As a young child growing up in a South Indian Brahmin household, it was not surprising that I was reared to be a vegetarian, save for an odd serving of eggs, once in a while. We were considered a “progressive” brahmin family because my father ate eggs and my mother cooked them. But eggs aside, our diet was completely vegetarian with each meal having generous servings of vegetables. As my mother set the table for the family meal everyday, my father would sit at the head of the table, (with our beloved Labrador drooling at his feet for slyly dropped tidbits) and regale us with stories about any topic that struck his fancy that day.
The stories would meander through ancient history, Hindu epics, current events and life in general. Sometimes as he spun his yarn, he would suddenly cast a stern eye at whichever one of his daughters who was not eating her veggies and break off mid-sentence to lecture about health benefits of the veggie of the day.
One of those lectures was about Okra or “ladies finger” as it is called in India. My dad, with no real scientific study to back his proclamations, other than old, regurgitated information from his elders, would inform us solemnly that if we wanted to be smart and do well in math, we needed to eat Okra. Okra, according to my dad, was brain food!
Turns out my dad wasn’t too far off in his surmise.
Okra is known for its high vitamin B6, fiber, calcium, and folic acid, which helps prevent neural tube defects in developing fetuses. A serving of Okra contains only 25 calories, so if prepared in a low-fat recipe, it is an incredibly healthy addition to any meal.
In addition, the mucilage and fiber found in Okra helps adjust blood sugar by regulating its absorption in the small intestine. It helps reabsorb water and traps excess cholesterol, metabolic toxins and surplus bile in its mucilage and slips it out.
It is an ideal vegetable for weight loss and is a storehouse of health benefits provided it is cooked over low flame to retain its properties. This also ensures that the invaluable mucilage contained in it is not lost to high heat. Okra facilitates the propagation of good bacteria referred to as probiotics. These are similar to the ones proliferated by yogurt in the small intestine and help biosynthesize Vitamin B complex.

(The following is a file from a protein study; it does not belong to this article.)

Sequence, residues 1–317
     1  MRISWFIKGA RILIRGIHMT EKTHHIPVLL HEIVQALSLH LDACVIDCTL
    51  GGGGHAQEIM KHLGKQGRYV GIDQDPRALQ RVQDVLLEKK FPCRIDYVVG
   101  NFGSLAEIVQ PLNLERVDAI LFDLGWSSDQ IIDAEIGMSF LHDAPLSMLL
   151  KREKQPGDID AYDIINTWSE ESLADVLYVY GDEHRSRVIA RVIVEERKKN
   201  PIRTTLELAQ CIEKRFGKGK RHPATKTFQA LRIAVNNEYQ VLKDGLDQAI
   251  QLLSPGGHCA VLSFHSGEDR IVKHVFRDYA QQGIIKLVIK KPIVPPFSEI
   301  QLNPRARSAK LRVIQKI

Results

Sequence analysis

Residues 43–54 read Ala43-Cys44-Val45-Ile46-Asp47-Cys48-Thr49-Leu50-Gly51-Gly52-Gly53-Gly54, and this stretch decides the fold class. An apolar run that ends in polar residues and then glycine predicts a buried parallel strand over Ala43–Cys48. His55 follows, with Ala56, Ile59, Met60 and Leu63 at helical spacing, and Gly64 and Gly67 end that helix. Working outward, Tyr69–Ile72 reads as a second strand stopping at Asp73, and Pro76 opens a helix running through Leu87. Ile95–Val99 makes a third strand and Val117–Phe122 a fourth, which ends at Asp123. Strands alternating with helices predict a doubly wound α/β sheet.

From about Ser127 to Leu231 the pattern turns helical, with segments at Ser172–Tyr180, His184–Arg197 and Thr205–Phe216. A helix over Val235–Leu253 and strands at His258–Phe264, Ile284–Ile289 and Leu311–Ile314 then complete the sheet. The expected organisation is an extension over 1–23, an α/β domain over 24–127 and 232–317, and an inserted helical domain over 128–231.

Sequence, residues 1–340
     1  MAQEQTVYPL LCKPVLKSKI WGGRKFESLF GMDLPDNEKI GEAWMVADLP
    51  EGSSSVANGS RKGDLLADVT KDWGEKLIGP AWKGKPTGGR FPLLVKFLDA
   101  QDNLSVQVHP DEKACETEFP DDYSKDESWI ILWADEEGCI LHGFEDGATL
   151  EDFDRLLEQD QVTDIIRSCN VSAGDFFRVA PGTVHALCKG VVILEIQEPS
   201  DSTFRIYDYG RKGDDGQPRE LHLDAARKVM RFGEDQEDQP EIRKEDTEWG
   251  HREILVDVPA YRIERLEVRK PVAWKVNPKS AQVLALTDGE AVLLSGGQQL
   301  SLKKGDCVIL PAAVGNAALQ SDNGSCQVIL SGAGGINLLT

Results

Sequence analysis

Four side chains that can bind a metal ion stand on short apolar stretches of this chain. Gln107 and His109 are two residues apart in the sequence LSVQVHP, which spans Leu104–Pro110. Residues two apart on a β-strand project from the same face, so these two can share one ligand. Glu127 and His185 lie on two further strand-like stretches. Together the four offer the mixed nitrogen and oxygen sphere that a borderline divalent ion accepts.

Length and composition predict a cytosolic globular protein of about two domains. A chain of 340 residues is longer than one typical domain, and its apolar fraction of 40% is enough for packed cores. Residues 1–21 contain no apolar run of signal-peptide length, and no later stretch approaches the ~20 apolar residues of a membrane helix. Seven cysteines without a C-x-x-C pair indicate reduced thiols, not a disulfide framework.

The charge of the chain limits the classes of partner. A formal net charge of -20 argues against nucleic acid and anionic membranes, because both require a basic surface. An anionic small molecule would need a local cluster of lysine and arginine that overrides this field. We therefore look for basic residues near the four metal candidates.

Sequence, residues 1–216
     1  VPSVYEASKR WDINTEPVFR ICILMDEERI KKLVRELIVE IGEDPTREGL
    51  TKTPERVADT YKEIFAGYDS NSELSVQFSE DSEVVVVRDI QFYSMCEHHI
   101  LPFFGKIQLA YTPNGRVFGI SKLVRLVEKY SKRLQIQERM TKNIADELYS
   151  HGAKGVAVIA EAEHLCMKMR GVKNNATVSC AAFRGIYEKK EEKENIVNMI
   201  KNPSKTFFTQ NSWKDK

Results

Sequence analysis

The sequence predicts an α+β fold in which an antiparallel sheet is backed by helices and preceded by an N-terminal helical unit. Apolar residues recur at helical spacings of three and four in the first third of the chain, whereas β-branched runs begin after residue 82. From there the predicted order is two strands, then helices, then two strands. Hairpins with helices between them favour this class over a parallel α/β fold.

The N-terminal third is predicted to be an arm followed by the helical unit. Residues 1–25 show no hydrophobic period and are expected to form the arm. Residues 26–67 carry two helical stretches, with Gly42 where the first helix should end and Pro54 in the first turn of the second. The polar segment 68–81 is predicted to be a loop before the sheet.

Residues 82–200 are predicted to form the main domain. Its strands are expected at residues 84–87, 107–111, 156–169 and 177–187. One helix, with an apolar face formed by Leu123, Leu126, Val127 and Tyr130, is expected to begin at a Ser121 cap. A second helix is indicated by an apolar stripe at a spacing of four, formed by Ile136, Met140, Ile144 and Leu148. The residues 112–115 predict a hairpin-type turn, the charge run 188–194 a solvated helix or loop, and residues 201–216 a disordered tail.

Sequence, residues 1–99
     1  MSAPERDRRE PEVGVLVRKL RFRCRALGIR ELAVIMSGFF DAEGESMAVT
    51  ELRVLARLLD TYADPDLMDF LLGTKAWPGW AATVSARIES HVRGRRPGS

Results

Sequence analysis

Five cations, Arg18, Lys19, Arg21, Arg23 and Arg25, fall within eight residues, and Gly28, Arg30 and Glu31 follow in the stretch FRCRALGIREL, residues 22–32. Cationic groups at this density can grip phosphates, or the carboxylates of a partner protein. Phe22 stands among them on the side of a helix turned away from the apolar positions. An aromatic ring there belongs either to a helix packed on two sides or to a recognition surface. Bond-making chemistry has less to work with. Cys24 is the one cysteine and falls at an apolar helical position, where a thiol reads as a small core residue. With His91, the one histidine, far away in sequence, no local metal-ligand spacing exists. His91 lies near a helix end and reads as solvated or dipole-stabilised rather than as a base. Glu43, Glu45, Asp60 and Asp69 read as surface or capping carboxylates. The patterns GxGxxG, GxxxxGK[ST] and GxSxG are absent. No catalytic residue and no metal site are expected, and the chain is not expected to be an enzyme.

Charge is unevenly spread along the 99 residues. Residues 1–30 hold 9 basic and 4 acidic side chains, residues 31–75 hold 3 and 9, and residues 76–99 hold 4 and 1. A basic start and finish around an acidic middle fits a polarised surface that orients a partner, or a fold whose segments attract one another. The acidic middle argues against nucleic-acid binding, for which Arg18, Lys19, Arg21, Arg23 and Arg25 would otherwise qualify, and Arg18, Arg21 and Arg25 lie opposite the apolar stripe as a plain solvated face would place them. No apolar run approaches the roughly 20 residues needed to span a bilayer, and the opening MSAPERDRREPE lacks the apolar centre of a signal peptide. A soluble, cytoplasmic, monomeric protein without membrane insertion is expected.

Now, I know that fresh Okra is somewhat difficult to source in the US, so many people resort to buying the frozen Okra. My curried Okra recipe is made from fresh Okra. I would encourage you to try to locate the fresh Okra for this recipe since frozen Okra invariably becomes slimy when cooked.
The key point to note in cooking Okra is learning how to wash it, how to slice it thin, and how to cook it under slow fire. The recipe itself is very simple but a few missed steps can give this dish an entirely different taste. So try to follow the recipe carefully and you will soon be able to get your family to enjoy this very yummy, low fat, healthy “brain food”!
Here is how you make this:
Wash the Okra thoroughly before chopping. Now cut the tops and bottoms off and chop into thin slices – see picture. Do not cut the slices too thick and do not wash after chopping or it will get slimy. Set aside.
In a pan, heat olive oil. When the oil is hot, add the mustard seeds. Wait for them to crackle and add the chopped Okra. Sprinkle salt, chili powder and turmeric powder. Reduce heat and roast uncovered on a slow flame until brown. If necessary, drizzle a few drops of oil around the edges of the pan as it roasts.